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Q & A with a Leading River Expert

In The Ancient Realm the rivers are under attack by Guardians led by King Ector. In writing this fictional story, I became motivated to discover the real threats that are facing rivers today and I knew exactly who to ask. Gardner Johnston is a leading hydrologist, which means he's an expert on rivers. Below you will find some information Gardner gave me in answer to my questions:

Sarah: In The Ancient Realm, King Ector and King Torin attempted to destroy the rivers by poisoning them with mercury. Are mercury and other toxic chemicals a real threat to the rivers?

Gardner: Although we've made great progress in reducing toxic pollution, the threat is not over. Toxic pollutants continue to enter our rivers through three main sources: industrial facilities, our homes and streets, and farms.

Many industries use chemicals as part of their manufacturing processes and this contributes to toxic pollution. Some factories, such as chemical plants, may directly dump toxic substances into rivers. Other factories, such as coal-fired power plants, may release poisonous gases into the air. This creates acid rain, which eventually contributes to river pollution (a very similar method to how King Ector and King Torin planned to poison the rivers).

Pollutants used in our homes may also make their way into rivers. Toxic pollutants in our homes include things like cleaning supplies, paint, and garbage. A common way for household pollutants to enter rivers is when they are dumped into storm drains located on the street. These storm drains flow into pipes and ditches that eventually flow into rivers. Pollutants that are dumped down toilets or sink drains will also eventually find their way into rivers.

Farms may also be a source of toxic pollutants. Animal waste, such as cow manure, may have harmful bacteria that can enter into rivers. In order to increase the growth of crops, farms often use pesticides and fertilizers that contain toxic chemicals. Although these chemicals are applied to the land, they can enter rivers through the soil or by rainfall that carries them into rivers. Pesticides and fertilizers applied to the lawns in our front yards can enter rivers in the same way.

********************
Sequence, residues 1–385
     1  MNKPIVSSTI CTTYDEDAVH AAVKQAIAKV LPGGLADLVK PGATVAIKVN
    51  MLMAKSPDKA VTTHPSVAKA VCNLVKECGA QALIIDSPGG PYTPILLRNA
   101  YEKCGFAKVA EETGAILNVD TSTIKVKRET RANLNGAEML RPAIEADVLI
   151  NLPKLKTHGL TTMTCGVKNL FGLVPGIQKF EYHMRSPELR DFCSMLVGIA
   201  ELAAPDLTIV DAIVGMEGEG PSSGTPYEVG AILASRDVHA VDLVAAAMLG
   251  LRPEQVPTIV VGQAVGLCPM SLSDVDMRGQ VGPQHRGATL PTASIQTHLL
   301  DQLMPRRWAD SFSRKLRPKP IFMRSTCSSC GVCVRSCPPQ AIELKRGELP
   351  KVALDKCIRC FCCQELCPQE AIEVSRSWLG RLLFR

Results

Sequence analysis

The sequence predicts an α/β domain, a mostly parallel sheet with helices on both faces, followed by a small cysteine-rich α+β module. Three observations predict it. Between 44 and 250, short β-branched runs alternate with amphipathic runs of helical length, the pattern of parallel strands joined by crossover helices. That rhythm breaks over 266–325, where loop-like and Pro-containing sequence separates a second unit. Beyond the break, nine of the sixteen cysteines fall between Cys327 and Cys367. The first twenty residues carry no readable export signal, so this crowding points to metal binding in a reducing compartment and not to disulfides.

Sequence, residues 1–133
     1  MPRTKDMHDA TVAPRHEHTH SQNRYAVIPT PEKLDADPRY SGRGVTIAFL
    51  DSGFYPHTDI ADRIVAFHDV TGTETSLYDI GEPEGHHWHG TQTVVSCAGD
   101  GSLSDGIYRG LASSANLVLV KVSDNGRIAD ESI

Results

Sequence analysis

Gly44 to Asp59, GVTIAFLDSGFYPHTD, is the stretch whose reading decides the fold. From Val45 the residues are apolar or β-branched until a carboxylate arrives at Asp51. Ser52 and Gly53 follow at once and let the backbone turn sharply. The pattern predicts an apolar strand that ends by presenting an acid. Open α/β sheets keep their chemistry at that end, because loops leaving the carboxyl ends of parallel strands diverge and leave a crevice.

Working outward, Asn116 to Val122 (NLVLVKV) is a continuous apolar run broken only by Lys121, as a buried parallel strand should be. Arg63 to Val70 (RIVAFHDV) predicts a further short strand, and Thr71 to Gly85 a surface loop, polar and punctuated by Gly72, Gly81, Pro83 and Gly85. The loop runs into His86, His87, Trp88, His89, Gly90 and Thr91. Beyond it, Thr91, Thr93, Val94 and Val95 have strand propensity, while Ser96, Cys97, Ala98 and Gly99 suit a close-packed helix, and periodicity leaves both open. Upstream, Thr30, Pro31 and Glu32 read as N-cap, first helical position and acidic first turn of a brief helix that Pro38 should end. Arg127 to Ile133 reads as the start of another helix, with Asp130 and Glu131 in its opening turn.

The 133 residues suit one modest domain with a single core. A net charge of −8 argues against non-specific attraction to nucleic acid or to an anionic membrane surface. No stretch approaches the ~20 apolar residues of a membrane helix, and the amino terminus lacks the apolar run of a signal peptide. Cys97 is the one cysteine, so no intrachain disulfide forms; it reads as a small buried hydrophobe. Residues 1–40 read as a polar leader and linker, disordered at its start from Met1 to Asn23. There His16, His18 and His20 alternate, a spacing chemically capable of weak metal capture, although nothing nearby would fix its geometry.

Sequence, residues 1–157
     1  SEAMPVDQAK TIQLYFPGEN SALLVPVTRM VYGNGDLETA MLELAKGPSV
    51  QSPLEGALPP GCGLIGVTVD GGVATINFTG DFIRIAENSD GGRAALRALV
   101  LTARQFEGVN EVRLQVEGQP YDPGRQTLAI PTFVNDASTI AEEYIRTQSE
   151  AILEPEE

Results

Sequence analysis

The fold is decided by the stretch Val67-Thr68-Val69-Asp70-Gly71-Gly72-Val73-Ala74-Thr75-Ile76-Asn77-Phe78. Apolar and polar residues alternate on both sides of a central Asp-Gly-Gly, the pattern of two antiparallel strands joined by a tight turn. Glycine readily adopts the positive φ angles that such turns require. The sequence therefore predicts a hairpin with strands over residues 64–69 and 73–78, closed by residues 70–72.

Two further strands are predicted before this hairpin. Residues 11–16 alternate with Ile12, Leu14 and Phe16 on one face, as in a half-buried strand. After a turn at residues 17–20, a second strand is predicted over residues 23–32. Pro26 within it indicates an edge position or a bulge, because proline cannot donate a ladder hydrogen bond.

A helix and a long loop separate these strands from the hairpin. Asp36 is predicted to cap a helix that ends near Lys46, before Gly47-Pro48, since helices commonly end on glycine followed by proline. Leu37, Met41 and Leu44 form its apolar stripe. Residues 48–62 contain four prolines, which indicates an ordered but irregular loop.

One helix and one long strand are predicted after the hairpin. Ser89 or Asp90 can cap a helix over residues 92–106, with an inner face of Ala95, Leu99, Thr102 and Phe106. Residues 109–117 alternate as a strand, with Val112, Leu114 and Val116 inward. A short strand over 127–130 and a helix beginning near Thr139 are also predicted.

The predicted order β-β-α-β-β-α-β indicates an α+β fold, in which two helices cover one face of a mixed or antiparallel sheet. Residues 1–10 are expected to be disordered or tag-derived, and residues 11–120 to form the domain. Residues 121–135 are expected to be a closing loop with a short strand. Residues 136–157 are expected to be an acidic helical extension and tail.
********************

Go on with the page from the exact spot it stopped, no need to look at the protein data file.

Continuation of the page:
Sarah: What can we do to help?

Gardner: First, we can stop using toxic chemicals. For example, when we clean our houses we can use nontoxic and biodegradable cleaning supplies made up of natural substances that are great at cleaning and will not poison the rivers. Another way to reduce the use of toxic chemicals is to buy organic food. Organic farms don't use harmful pesticides and fertilizers that can enter our rivers.

Second, we can avoid dumping hazardous materials—such as batteries, toxic cleaning supplies, fluorescent light bulbs, oil from our cars, aerosols, and paint—into trash cans, storm drains on the street, or down toilet, bath, or sink drains. Instead, we should take toxic substances to our local household hazardous waste center. They know exactly how to handle these toxic substances so they don't enter our rivers.

Third, we can help the rivers by never littering or disposing of any garbage directly into our rivers. And we could go a step further by picking up trash and participating in community efforts to clean up our local rivers.

Sarah: In The Ancient Realm, King Ector makes it very clear that he would like to see the rivers drained dry. Is this really possible?

Gardner: Yes, rivers can become dry for many reasons, especially during a hot summer, when there is a lot of demand for the water in our rivers. So it's very important to understand how river water is used. The main ways that people use water from our rivers has to do with three things: water use in our homes, food, and electricity.